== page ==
Philippos Phillis, president of the board of directors of the European Community Shipowners’ Associations (ECSA), is a strong believer that in a regulatory environment without enough clarity, cooperation between the operators and the shipowners is one of the most important links necessary to drive forward the decarbonisation of the maritime industry.
Speaking at this year’s Capital Link Greek Shipping Forum, the Cypriot shipowner and immediate past president of the Cyprus Shipping Chamber (CSC), highlighted four pillars of shipping decarbonisation: a technical pillar, a commercial one, a regulatory one, and what is called the fourth combustion revolution (alternative green fuels).
The founder and CEO of Lemissoler Navigation believes shipping entered the transitional period 15 years ago, with every ship delivered after 2013 already technically advanced and contributing to the actual reduction of the emissions of about 20% to 30%. As a mechanical engineer from RWTH Aachen, and a Harvard Business School (HBS) graduate, his Lemissoler is also active in research and development, with a focus on enhancing ship efficiency and decreasing carbon footprint.
For Phillis, close collaboration between owners and operators is now required to determine speed, consumption, and other factors, but he also stressed that coordination with ports and direct communication with ships need immediate improvement.
“I think cooperation is a must and it’s something that will create a platform where commercially we can manage to gradually reduce the emissions. It is of course important to say that a missing part, and maybe something IMO should regulate, is the coordination between the ports and the direct communication with the ships to achieve the just-in-time arrival,” he asserted.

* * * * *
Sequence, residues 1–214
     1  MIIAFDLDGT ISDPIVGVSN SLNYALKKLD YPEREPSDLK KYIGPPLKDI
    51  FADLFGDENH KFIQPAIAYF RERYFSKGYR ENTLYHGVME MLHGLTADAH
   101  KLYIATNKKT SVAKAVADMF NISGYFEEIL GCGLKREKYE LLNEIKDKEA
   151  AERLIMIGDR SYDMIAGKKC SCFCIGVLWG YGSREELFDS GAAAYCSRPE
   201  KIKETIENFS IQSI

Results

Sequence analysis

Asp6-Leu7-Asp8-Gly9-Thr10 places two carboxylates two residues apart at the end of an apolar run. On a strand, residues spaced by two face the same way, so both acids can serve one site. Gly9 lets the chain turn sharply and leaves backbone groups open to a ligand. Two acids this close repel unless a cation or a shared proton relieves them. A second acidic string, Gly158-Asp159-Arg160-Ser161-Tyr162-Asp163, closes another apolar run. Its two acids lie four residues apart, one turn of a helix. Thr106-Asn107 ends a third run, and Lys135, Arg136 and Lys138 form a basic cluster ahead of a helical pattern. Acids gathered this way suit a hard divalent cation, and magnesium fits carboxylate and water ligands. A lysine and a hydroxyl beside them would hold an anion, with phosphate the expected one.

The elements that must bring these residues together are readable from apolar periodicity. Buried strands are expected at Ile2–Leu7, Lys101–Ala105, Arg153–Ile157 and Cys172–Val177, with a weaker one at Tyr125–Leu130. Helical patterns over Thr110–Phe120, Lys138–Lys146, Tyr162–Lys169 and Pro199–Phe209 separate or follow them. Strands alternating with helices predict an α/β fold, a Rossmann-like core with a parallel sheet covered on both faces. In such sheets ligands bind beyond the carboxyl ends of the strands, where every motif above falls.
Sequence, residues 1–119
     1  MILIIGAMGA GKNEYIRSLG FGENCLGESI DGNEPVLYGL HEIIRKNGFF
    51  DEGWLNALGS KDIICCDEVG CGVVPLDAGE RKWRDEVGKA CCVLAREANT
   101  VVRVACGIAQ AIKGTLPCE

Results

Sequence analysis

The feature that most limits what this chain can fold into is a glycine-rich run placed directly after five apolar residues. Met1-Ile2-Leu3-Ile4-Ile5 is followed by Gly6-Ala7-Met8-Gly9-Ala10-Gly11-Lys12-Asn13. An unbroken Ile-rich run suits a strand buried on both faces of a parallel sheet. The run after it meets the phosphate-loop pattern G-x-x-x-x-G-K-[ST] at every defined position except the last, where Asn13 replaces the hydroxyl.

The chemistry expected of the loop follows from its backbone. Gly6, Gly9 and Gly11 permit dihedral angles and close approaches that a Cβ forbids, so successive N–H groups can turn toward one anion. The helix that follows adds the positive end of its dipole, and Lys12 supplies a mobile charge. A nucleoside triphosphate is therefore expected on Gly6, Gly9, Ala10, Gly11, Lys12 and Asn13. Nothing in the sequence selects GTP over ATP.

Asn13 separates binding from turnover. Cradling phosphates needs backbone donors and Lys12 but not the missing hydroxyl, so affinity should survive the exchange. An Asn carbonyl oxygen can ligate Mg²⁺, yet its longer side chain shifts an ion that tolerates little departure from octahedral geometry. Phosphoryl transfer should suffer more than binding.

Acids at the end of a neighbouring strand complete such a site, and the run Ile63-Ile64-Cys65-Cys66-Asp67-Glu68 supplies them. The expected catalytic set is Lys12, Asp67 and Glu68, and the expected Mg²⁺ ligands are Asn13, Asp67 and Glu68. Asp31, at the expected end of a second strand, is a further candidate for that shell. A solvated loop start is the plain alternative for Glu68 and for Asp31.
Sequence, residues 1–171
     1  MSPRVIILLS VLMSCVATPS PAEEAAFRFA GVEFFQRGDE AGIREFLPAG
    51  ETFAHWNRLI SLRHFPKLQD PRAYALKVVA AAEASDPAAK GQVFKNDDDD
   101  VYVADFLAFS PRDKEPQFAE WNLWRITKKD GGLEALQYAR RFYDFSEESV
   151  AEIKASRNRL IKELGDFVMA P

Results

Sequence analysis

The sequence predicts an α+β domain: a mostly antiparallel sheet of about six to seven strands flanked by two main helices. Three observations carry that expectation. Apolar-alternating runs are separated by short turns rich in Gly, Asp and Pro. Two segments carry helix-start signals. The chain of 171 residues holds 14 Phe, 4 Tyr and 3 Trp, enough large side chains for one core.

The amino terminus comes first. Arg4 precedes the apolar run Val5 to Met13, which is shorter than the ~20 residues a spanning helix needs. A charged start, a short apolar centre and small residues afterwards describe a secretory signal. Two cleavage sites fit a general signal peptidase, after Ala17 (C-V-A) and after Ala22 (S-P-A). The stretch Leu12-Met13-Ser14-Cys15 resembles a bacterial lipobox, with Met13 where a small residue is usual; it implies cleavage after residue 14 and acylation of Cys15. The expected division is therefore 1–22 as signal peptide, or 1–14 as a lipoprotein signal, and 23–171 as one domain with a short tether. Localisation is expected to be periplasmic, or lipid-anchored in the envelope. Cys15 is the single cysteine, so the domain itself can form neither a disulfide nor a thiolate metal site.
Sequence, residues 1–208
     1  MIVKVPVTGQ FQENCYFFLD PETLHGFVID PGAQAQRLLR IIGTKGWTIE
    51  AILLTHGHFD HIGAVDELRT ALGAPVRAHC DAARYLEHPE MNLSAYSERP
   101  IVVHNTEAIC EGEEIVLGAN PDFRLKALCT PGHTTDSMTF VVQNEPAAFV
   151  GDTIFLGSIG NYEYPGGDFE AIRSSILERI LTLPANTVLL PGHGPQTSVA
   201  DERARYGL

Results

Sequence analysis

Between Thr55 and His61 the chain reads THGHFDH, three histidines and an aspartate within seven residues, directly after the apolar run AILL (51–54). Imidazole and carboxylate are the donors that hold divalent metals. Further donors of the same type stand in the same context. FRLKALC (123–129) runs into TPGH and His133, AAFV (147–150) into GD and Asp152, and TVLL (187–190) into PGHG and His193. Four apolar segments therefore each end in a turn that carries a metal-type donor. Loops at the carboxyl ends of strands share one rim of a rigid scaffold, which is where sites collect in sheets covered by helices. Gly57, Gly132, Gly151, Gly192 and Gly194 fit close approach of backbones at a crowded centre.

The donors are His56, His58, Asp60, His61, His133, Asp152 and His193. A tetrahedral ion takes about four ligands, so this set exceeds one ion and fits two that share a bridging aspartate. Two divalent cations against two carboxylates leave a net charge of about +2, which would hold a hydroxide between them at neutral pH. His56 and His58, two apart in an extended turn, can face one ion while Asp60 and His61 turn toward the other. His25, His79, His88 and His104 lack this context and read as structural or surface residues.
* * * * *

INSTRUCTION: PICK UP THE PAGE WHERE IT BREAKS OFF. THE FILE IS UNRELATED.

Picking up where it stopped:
Phillis raised questions and doubts about several new regulations being discussed or coming into force shortly, including the implementation of the EEXI, and CII criteria, and whether they would actually reduce carbon intensity. He emphasised that from ECSA’s perspective, the upcoming regulations should be followed but also noted that they need to be “technology-neutral”.
“The aim of ECSA is to create or to at least have these regulations implemented without impacting on the competitiveness of European shipping first and to maintain the level playing field, which is very important,” he stressed.
When it comes to future fuels, Phillis reckons what is now very important is the lifetime cycle analysis for alternative fuels. “We need to calculate all these alternative fuels from well to wake and this is the reason we need green alternative fuels. If they are black, it’s like you charge the battery car from the electricity coming out of fossil fuels. It’s exactly the same effect, so it’s something that is very important for the IMO,” he said at the conference.
Phillis raised doubts about biofuels without changing the engine. “I’m an engineer. I know that if you ask the main engine manufacturers they’ll say yes, but, and I think this might be a trap for the shipowners, therefore we have to look at it a little closer.”
He points out that in order to incentivise shipowners to move to cleaner fuels, which are multiple priced, the industry needs somebody to bridge the price gap difference and maybe the instrument with the carbon contracts for difference. He also pointed to fuel suppliers, saying that there should be some kind of shared responsibility. “You cannot leave them out because they are the ones supplying the fuel. They have to issue their necessary certificates and be responsible for what they are doing,” he told the conference.